“I worry about my children,” says one father of two young kids in Carrollton, Georgia. He didn't want to give his name, because he has no legal right to reside in the United States. “My kids were born here. What will happen with them? We don’t know, and that’s the fear we have.”
Georgia, like Alabama, Arizona and Utah, recently passed a tough immigration law.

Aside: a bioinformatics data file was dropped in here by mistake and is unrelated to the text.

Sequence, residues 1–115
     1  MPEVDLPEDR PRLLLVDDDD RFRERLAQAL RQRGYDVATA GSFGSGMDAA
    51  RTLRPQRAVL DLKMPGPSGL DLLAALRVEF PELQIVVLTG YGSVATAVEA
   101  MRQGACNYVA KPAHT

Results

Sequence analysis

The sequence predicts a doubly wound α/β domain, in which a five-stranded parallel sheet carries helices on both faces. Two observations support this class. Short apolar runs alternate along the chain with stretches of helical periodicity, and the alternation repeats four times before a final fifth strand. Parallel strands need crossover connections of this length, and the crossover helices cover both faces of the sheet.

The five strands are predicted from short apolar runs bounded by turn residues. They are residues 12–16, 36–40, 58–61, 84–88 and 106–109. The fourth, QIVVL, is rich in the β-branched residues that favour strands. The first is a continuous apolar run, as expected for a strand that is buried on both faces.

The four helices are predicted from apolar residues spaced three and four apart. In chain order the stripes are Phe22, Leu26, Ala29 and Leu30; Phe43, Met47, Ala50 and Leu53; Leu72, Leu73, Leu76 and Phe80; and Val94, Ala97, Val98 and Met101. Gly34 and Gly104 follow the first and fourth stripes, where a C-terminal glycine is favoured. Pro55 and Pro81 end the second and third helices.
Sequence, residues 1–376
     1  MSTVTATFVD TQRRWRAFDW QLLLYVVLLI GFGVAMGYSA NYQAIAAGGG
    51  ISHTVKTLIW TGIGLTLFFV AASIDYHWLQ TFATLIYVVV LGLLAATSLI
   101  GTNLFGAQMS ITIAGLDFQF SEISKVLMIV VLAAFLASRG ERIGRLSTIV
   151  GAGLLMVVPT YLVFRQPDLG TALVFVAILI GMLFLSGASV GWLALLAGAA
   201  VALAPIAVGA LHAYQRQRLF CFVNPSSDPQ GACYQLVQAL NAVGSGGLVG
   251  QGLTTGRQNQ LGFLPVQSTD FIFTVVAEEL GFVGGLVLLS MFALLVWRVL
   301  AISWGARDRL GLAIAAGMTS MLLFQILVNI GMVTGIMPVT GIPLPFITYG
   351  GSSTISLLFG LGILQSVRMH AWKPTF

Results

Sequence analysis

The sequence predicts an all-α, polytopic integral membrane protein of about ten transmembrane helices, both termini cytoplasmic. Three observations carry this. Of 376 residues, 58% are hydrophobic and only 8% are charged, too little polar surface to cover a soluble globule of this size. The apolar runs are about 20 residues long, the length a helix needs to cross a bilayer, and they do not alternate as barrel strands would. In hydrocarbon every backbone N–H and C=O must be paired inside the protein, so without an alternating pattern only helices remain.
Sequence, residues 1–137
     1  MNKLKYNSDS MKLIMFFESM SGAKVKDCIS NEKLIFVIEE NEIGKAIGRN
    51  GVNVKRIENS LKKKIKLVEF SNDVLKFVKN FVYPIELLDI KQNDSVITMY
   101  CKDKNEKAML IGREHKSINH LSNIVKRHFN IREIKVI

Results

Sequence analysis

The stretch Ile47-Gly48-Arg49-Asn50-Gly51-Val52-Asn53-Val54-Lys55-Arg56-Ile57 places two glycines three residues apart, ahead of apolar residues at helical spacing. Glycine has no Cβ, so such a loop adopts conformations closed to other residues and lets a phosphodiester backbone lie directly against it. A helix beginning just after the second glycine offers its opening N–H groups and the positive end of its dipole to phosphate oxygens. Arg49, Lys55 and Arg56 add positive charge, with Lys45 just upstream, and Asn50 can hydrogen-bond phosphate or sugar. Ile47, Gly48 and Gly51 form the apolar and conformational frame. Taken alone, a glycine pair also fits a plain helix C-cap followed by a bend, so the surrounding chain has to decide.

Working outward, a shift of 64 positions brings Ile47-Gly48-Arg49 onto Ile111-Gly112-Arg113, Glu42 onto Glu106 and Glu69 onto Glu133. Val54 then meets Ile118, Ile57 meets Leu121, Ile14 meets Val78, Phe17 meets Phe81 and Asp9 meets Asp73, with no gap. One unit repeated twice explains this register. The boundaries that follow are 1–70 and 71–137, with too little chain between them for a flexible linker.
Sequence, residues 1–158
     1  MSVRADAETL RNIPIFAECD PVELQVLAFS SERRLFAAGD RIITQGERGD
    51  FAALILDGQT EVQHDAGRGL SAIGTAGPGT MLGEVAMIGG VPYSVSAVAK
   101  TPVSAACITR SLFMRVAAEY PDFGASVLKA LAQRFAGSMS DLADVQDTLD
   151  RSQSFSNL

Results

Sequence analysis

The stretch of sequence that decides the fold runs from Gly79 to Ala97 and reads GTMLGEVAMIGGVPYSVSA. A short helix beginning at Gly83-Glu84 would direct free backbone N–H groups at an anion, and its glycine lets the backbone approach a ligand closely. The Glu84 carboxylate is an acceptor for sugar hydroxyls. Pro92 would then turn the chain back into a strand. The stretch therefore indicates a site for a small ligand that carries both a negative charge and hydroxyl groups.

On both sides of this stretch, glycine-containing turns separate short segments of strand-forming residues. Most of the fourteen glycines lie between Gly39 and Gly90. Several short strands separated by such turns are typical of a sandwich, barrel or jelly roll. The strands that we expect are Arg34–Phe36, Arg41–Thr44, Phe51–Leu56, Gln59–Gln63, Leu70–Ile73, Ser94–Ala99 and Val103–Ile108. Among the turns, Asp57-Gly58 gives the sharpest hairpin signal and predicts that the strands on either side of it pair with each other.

The longer Congress waits to deal with immigration reform, the louder states seem to scream for action. According to the National Conference of Legislatures, an all-time high of 1,538 bills dealing with immigrants and refugees have been introduced in state legislatures this year alone. These measures include things like employment verification requirements for businesses and restrictions on public health services and college access for illegal immigrants. But the most worrisome for many parents are those giving local law enforcement more power to do federal immigration checks.